PH Issue: There are significant staff and physical resource shortfalls in responding to large scale public health emergencies. Relevancy: KCHD conducted a needs assessment to determine the # staff required to carry out a full scale public health response to a bioterrorism incident or other communicable disease outbreak. The practice addresses the issue by offering solutions for augmenting public health resources and staff. The partnership began with a small group of health insurance plans offering to lend medical and non-medical personnel to staff phones and assist with epidemiology surveillance. Since its inception, other companies like American Century, Black & Veatch, Cerner Corp., Hallmark Cards, Sprint, and Yellow Freight have joined the Partnership. Both health insurance plans and area corporations have incorporated public health annexes into their disaster recovery plans and have offered additional resources to assist public health in recovery efforts.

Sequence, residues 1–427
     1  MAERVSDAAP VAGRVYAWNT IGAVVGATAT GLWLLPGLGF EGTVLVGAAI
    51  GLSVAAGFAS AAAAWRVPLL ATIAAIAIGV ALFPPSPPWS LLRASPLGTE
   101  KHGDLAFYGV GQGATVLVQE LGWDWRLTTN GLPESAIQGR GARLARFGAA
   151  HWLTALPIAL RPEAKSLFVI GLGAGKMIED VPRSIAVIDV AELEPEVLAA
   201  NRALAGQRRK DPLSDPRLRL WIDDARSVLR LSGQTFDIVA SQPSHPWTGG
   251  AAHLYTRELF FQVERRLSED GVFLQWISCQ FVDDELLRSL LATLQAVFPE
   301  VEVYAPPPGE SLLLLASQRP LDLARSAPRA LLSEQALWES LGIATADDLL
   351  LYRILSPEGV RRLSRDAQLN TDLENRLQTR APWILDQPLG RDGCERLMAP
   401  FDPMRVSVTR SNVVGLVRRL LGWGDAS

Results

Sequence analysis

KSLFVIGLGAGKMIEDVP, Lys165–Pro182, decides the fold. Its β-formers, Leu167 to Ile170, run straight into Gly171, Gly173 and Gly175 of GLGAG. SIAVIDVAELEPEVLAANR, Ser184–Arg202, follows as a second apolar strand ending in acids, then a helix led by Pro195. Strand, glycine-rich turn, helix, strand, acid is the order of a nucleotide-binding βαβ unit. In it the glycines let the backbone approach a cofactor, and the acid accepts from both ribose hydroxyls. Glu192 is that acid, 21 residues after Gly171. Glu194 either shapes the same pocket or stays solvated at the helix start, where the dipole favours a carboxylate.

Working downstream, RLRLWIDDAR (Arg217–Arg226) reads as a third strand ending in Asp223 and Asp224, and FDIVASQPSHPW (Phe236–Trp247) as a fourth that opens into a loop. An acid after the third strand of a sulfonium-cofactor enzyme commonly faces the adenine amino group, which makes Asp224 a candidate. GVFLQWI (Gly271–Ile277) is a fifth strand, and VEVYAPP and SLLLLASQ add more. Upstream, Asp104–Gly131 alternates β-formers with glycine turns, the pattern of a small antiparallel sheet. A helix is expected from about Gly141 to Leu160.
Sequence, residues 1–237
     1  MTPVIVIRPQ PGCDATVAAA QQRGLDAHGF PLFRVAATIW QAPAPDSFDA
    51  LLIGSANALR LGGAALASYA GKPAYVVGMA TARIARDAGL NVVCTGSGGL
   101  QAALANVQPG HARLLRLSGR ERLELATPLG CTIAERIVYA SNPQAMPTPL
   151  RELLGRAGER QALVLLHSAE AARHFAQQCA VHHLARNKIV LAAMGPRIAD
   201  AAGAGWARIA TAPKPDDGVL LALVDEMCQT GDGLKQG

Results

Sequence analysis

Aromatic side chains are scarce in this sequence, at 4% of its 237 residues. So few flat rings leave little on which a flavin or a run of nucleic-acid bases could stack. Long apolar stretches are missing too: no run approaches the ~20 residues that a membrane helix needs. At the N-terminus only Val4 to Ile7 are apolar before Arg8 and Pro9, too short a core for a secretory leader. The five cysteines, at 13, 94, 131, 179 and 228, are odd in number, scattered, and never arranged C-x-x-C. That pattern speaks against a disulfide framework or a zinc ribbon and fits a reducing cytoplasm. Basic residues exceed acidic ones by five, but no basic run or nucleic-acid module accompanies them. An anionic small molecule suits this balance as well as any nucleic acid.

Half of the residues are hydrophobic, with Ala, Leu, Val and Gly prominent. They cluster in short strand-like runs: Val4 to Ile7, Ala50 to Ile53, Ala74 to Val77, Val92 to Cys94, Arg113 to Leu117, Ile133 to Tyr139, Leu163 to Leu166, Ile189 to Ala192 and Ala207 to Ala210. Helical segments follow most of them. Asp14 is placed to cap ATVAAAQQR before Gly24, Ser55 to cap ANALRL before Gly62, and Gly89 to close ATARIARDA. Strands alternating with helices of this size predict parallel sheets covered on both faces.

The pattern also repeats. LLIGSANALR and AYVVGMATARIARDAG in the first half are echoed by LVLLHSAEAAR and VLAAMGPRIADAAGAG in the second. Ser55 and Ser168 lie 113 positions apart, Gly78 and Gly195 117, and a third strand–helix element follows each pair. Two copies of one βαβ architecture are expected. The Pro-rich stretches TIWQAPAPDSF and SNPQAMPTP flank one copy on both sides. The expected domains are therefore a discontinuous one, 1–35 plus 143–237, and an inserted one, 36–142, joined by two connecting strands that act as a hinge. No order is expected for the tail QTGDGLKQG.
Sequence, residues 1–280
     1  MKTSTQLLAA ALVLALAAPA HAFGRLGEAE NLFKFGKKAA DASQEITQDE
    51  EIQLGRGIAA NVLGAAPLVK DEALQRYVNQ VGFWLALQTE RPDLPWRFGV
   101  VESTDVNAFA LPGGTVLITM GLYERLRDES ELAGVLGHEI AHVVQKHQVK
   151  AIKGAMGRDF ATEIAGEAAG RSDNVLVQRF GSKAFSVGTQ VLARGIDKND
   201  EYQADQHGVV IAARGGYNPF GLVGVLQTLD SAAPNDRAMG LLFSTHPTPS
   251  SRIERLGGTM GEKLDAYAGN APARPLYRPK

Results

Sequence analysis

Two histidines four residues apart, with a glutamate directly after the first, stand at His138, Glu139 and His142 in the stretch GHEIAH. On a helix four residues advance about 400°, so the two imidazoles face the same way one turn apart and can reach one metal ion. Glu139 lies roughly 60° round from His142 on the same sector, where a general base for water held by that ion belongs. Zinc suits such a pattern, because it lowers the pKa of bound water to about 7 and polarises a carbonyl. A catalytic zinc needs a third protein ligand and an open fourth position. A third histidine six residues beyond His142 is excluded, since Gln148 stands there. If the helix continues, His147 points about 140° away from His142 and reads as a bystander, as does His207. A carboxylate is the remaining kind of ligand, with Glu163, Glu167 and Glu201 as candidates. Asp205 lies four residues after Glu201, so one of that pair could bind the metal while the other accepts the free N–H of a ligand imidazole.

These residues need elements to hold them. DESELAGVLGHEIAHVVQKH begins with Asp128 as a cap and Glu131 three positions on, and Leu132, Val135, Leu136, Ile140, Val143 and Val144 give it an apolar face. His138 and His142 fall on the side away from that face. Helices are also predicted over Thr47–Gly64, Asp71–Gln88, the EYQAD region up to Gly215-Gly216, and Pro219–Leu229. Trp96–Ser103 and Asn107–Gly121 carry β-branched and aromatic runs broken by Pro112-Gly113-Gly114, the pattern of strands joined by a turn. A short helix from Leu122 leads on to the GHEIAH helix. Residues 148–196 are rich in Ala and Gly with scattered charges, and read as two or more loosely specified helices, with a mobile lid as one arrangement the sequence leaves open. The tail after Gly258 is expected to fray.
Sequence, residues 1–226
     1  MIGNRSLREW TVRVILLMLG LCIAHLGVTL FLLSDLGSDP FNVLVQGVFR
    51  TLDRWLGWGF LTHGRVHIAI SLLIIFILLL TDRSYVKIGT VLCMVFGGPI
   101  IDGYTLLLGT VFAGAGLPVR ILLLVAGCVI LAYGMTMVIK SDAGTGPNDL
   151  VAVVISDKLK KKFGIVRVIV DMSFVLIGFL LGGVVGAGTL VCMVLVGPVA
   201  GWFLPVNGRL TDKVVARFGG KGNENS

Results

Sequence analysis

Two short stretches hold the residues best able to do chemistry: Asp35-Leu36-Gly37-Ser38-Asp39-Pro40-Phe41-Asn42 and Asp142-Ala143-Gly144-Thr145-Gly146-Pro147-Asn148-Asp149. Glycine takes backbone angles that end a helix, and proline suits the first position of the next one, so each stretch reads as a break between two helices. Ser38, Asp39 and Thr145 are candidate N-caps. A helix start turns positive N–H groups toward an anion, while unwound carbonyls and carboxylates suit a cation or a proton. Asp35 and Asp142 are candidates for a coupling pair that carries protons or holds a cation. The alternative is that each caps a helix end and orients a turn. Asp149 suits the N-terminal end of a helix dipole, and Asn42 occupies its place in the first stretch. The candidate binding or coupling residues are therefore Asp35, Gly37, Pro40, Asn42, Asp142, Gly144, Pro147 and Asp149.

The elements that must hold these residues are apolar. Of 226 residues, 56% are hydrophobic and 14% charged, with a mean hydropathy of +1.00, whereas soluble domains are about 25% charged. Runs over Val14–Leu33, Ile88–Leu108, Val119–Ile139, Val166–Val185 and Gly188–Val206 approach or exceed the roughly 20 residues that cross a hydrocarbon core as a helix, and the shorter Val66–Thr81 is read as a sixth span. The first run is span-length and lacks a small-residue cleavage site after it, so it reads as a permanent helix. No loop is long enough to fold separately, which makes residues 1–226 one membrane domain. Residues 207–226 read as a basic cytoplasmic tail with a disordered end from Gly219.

Agency Community RolesLHD role: KCHD has taken the lead in bringing a core group of LHDs, private businesses and health insurance plans together to define initiatives and establish planning guidelines. Stakeholder Role: CDC regularly attends the Partnership meetings as do the state health departments for both Missouri and Kansas. Meetings are facilitated and supported by representatives from St. Louis University. Representatives from the Mid America Regional Council also participate in order to integrate these public/private sector initiatives with multi-discipline metro-area homeland security initiatives. Furthering the goals: KCHD meets with member LHDs, health insurance plans and private corporations between Partnership meetings to implement projects and initiatives identifed. Additionally, planning templates and Partnership initiatives have now been introduced to the Partners in Emergency Planning Board, a metro-area private contingency planners group who have asked KCHD to present the concepts to the general membership in July.  Costs and ExpendituresCosts: One full-time emergency response planner ($65,000/year).  Contract costs for St. Louis University support. Funding Sources:   Some expenses covered through a Seed Contract from NACCHO.  17 existing BT grants/dual responsibility for LPHA staff.  ln-Kind contributions from private sector members.   Implementation Establishing a call center that will be staffed by 500-1000 medical & non-medical personnel @ Blue Cross and Blue Shield of Kansas City. [Fall, 2005]  Develop MOUs with and train staff from at least six of the Partnership's private members to dispense medications to employees and family members during an event requiring SNS materials. [Winter, 2005]  Assist health insurance plans and private corporations in integrating a public health annex into disaster recovery plans [ongoing]  Continue to identify initiatives that mutually benefit public health, the metro-area citizens, health insurance plans, and private businesses. [ongoing]  Continue to partner with St. Louis University in facilitating the Cross-Jurisdictional partnership, evaluating its progress and effectiveness, and publishing information that will benefit metropolitan areas across the nation.